My bar mitzvah present to my nephew Jake, born and raised in Minneapolis, was a trip to the city that never sleeps. When I was twenty-three, I’d lived in Manhattan for five months, sadly departing when my funds run low and hoped-for jobs remained elusive. I’d returned many times since, and each time I fell in love with the city all over again. When Jake and I agreed on the special trip to honor his coming of age, I sent him a kids guide to New York, which he pored over. He made a list of the twenty things he wanted most to see. The Statue of Liberty came first; a Broadway play second. Sixth, or maybe seventh, was the World Trade Center.

Our five days pounding the pavement were exhausting, but exciting in the way only New York can be exciting. We took the ferry to the Statue of Liberty, with a stop-off at Ellis Island where Jake said, awed, “Maybe I’m standing where my great grandfather stood when he landed.” We ate at the “Seinfeld” restaurant, hiked Central Park, and saw the “Music Man” on Broadway, inspiring Jake to take an acting class. But the list wasn’t followed methodically. Somehow, Schwab’s exhaustive toy store (number eleven) pushed its way past the World Trade Center.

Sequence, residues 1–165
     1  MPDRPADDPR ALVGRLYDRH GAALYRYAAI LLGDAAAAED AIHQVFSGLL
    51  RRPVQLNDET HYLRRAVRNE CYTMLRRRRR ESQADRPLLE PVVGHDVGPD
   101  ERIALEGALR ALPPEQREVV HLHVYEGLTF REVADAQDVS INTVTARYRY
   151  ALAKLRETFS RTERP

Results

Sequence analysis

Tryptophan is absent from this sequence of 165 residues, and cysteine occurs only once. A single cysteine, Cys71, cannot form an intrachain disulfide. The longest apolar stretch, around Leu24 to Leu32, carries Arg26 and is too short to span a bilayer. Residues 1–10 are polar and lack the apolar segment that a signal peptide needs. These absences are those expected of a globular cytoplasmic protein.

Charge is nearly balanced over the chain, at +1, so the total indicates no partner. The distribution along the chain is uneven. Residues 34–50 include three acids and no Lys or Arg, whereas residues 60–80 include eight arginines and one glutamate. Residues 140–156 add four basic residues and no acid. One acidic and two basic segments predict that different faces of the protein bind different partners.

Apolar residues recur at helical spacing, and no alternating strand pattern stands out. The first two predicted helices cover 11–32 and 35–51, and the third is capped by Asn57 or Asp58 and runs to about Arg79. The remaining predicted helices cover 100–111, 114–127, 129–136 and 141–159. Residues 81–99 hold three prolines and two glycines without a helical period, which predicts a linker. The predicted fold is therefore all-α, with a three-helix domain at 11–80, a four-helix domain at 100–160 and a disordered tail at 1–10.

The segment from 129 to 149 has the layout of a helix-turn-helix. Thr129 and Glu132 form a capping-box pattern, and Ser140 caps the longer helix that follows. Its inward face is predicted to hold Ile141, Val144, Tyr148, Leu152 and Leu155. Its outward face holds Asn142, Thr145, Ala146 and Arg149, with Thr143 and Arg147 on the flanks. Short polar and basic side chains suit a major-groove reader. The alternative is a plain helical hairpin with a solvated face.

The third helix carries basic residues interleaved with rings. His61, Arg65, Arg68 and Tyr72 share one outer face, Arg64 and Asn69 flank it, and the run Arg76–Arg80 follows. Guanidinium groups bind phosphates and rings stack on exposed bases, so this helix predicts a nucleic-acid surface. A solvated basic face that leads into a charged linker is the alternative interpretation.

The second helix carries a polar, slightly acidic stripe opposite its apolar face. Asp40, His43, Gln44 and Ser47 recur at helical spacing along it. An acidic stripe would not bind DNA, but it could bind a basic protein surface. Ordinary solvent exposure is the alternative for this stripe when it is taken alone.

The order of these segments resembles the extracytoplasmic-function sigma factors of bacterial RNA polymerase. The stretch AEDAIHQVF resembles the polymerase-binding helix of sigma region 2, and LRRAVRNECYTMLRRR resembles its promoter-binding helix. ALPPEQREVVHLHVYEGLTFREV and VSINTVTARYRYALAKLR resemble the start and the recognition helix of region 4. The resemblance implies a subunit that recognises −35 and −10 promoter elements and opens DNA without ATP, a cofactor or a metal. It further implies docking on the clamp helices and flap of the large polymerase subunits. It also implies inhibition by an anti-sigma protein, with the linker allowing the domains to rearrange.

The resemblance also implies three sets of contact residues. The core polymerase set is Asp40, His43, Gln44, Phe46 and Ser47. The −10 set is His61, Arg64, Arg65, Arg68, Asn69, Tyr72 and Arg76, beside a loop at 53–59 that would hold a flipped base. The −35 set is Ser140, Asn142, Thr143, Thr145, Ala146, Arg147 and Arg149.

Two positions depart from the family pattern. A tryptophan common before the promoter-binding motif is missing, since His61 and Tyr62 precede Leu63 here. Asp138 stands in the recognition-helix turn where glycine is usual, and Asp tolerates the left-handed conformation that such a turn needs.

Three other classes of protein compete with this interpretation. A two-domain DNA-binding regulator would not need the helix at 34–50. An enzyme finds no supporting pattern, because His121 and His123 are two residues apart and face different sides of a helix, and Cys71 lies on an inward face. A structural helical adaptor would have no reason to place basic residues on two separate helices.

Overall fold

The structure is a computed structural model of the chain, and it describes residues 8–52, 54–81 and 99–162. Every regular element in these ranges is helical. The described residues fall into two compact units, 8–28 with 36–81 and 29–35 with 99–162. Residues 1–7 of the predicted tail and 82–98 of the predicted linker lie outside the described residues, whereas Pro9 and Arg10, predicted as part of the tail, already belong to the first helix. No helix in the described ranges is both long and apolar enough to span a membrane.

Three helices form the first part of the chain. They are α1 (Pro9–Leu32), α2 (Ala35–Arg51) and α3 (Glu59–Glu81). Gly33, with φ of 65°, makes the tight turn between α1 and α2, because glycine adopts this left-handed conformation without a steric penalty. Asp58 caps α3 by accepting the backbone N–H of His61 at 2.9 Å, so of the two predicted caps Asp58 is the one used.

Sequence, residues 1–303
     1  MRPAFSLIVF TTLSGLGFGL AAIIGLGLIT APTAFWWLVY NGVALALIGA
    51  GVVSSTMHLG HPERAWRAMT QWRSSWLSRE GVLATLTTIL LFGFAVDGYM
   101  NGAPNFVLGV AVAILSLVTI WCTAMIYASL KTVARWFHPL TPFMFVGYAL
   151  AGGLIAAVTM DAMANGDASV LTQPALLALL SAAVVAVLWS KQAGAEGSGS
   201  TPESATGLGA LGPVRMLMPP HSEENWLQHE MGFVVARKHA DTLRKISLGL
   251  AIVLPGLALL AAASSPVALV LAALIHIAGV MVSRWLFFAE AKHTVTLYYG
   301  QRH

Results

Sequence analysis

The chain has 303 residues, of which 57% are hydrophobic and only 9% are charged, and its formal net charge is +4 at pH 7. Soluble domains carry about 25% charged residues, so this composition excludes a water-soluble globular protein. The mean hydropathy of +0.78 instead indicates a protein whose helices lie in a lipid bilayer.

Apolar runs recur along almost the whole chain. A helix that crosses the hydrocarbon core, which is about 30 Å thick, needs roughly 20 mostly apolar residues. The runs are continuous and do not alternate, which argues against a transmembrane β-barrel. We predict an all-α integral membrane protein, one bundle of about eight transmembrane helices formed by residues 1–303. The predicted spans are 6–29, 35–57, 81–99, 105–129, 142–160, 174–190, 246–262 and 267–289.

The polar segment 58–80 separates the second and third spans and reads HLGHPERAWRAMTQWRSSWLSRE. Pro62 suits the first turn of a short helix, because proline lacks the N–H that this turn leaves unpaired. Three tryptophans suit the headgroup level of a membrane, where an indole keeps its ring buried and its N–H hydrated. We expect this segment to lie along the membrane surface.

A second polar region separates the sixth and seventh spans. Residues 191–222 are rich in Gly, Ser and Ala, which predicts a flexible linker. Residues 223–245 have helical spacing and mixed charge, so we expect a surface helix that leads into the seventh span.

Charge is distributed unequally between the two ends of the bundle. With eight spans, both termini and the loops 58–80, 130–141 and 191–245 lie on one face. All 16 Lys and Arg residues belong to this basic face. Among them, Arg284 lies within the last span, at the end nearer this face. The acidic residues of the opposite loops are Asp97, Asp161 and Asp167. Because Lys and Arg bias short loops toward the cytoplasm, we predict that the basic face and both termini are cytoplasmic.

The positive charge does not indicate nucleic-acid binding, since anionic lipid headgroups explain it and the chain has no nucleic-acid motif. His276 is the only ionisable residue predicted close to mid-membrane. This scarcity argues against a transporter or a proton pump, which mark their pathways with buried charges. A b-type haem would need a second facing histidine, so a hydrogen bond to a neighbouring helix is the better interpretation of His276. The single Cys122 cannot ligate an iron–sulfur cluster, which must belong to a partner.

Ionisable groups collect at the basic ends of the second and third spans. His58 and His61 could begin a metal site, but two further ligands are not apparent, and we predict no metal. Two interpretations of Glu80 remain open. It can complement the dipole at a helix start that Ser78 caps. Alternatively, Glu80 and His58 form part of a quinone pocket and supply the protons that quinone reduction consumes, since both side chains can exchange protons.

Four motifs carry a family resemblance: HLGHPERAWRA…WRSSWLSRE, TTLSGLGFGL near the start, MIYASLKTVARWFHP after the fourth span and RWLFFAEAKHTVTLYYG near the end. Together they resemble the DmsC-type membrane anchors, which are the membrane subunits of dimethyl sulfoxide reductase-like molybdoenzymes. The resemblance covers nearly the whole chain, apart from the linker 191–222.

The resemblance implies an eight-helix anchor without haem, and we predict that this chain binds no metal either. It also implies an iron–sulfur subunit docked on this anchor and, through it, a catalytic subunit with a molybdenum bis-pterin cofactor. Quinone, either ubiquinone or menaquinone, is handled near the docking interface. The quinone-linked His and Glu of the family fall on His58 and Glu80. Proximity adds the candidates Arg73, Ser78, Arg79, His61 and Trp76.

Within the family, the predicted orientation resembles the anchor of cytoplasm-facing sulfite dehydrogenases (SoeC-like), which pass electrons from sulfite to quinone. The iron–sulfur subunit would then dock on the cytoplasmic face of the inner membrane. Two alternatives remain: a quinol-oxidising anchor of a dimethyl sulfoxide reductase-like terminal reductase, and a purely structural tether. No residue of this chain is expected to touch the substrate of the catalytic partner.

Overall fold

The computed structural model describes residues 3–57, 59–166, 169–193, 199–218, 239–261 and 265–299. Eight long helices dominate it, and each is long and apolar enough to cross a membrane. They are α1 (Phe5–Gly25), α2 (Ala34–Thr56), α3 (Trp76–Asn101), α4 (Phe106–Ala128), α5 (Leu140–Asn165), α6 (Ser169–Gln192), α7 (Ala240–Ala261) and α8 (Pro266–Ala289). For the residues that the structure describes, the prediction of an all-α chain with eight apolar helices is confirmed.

“We’ll come back,” I assured Jake, who frowned over the unchecked events on his list. “The World Trade Center isn’t going anywhere.”

That was in August, 2000.

On my board at work is a picture of Jake and me leaning against a wall on Ellis Island, the New York skyline in the background, the Twin Towers looking like two long, slim piles of staples. Next to it is a small green cardboard ticket, the letters WTC stamped on top; below, in smaller letters, “Viewing Platform/Broadway & Fulton Street.” The date MAY 23 also appears, though not the year: 2002.

Along with hundreds of other stunned visitors, I walked past walls filled with Magic Markered messages from people from all over the country. On the viewing platform, we all looked down at the masked workers removing the rubble that had once been the World Trade Center. Leaving, I took a marker and wrote “Ann Arbor remembers” on a wall. I signed it “Eve.” Then I reflected and added “Jake.”